The U.S. State Department has begun using facial-recognition software to crack down on fake passports and identity fraud in passengers who are eligible for visa waivers. After two months of testing at Washington Dulles Airport in 2015, the software is now in use at Dulles and New York’s Kennedy Airport.
The Department of Homeland Security has identified a risk of passport and identity fraud among passengers from countries that have visa-waiver agreements with the U.S. and who have recently travelled to countries such as Iran, Syria, and Iraq, where they could have associated with the Islamic State. The facial-recognition software will be used for travelers who fall in this category, as well as first-time travelers, aged 18 and over, from countries involved in the visa-waiver program.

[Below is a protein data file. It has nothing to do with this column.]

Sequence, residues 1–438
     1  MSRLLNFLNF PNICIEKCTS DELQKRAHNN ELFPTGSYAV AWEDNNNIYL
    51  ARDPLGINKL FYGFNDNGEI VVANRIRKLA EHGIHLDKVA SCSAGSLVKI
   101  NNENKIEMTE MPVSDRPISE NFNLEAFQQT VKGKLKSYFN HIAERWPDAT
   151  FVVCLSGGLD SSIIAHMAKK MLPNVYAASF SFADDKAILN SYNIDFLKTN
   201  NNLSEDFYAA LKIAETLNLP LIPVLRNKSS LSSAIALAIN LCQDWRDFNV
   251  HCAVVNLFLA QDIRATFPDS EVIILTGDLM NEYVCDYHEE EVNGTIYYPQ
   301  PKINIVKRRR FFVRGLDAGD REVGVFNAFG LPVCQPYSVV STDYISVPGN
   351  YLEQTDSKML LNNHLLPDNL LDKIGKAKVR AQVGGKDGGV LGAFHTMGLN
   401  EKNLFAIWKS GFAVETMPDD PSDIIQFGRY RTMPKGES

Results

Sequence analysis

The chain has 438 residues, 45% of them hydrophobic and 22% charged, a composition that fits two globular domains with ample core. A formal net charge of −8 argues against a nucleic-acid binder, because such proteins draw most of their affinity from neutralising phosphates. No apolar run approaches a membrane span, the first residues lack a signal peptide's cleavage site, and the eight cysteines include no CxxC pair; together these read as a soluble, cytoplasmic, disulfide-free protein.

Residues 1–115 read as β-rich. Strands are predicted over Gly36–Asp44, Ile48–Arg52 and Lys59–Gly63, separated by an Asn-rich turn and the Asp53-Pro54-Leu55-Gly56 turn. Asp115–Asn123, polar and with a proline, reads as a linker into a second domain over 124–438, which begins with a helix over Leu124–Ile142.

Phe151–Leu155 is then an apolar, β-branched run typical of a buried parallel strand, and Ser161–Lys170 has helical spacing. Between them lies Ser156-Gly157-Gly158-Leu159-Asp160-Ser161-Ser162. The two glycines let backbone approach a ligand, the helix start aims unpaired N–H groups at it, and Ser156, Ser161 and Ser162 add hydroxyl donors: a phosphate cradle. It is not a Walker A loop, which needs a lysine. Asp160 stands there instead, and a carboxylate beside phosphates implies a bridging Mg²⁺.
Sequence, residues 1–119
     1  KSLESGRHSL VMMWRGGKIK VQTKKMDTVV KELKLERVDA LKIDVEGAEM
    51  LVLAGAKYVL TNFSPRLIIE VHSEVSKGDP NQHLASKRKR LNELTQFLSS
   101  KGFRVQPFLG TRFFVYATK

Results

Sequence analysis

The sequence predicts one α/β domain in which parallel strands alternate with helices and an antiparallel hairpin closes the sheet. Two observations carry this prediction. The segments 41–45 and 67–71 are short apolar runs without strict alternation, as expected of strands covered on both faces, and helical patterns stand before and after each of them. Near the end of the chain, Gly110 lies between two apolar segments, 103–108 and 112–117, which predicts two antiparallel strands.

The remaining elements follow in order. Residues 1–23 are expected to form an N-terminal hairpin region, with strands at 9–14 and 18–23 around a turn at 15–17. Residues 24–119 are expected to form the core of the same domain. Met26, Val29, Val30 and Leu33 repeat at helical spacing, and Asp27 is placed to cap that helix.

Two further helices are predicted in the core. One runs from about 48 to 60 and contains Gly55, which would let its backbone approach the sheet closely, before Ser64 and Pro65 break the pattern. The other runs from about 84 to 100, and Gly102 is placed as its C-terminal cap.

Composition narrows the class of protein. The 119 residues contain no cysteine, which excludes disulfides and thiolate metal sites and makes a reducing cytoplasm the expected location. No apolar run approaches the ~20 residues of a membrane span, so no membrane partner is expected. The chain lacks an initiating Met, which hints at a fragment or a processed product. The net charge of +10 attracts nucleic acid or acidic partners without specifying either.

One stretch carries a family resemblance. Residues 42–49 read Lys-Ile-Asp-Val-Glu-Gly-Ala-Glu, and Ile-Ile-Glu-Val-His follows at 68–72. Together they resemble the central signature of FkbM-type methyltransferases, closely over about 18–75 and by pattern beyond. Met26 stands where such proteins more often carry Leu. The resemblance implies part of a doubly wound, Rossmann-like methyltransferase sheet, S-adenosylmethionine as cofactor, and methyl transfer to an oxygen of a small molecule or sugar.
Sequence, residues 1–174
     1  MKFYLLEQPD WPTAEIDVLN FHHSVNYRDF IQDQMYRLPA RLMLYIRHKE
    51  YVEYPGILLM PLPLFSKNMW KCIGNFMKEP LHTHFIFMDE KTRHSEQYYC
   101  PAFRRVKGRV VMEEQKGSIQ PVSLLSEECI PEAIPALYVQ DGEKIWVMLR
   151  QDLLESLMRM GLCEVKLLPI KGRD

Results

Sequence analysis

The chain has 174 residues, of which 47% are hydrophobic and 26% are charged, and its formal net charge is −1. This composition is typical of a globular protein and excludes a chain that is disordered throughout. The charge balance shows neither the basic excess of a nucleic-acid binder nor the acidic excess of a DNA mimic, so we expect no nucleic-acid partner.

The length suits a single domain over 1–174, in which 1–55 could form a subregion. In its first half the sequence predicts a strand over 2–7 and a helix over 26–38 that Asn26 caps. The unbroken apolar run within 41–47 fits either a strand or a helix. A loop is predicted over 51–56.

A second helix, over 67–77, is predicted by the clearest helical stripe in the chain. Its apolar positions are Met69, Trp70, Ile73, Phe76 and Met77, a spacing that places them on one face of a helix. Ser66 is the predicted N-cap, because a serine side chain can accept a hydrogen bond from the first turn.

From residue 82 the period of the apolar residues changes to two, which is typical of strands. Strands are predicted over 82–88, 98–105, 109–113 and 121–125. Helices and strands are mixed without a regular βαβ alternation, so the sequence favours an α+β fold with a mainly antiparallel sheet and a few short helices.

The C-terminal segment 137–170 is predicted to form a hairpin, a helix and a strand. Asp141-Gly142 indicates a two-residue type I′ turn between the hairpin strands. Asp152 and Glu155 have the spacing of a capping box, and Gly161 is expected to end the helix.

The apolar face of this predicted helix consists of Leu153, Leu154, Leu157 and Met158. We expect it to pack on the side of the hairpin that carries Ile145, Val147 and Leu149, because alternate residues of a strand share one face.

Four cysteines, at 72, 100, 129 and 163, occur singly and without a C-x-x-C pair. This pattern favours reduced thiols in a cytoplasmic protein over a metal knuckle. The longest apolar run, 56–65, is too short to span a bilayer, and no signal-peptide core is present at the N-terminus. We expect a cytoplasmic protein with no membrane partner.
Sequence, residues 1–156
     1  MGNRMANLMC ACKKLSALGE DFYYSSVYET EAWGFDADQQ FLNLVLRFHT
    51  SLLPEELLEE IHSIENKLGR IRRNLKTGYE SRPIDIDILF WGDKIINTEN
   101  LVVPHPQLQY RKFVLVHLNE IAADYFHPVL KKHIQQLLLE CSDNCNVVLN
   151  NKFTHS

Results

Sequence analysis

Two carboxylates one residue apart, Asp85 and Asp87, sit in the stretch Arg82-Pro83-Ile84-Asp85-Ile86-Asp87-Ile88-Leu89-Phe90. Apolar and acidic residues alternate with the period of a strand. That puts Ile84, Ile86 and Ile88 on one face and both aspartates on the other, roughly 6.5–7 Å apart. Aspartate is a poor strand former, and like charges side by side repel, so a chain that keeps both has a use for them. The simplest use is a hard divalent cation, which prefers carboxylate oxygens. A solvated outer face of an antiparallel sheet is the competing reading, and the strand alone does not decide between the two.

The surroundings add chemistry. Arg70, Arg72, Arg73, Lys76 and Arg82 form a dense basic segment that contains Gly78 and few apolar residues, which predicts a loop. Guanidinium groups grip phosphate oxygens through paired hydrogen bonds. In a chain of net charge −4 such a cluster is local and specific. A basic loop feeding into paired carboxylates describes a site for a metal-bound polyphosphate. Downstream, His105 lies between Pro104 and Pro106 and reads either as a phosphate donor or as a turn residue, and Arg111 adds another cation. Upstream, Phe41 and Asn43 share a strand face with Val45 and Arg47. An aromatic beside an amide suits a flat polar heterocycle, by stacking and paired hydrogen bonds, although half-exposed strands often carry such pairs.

“This biometric capability will aid our officers in identifying legitimate travelers while protecting them from fraud and identity theft with little to no delay to the entry process,” R. Gil Kerlikowske, U.S. Customs and Border Protection commissioner, said in a press statement.
Now, U.S. citizens returning home and first-time travelers to the U.S. who are from the 38 countries that can enter the U.S. without a visa must have their photos taken. The photo will be compared against a photo stored in a computer chip for U.S. citizens with e-Passports. Most photos will be deleted, although the DHS will save photos of people who are “subject to an adverse or law enforcement action resulting from secondary inspection,” according to DHS information.
In addition, visitors from visa-waiver countries who have dual citizenship in Iran, Syria, Sudan, or Iraq, and who have visited those countries since March of 2011, must now get a visa before they enter the U.S. People traveling for reasons related to business, journalism, government, or humanitarianism may be able to bypass this rule.
Government officials have not announced when the software would be implemented at other airports.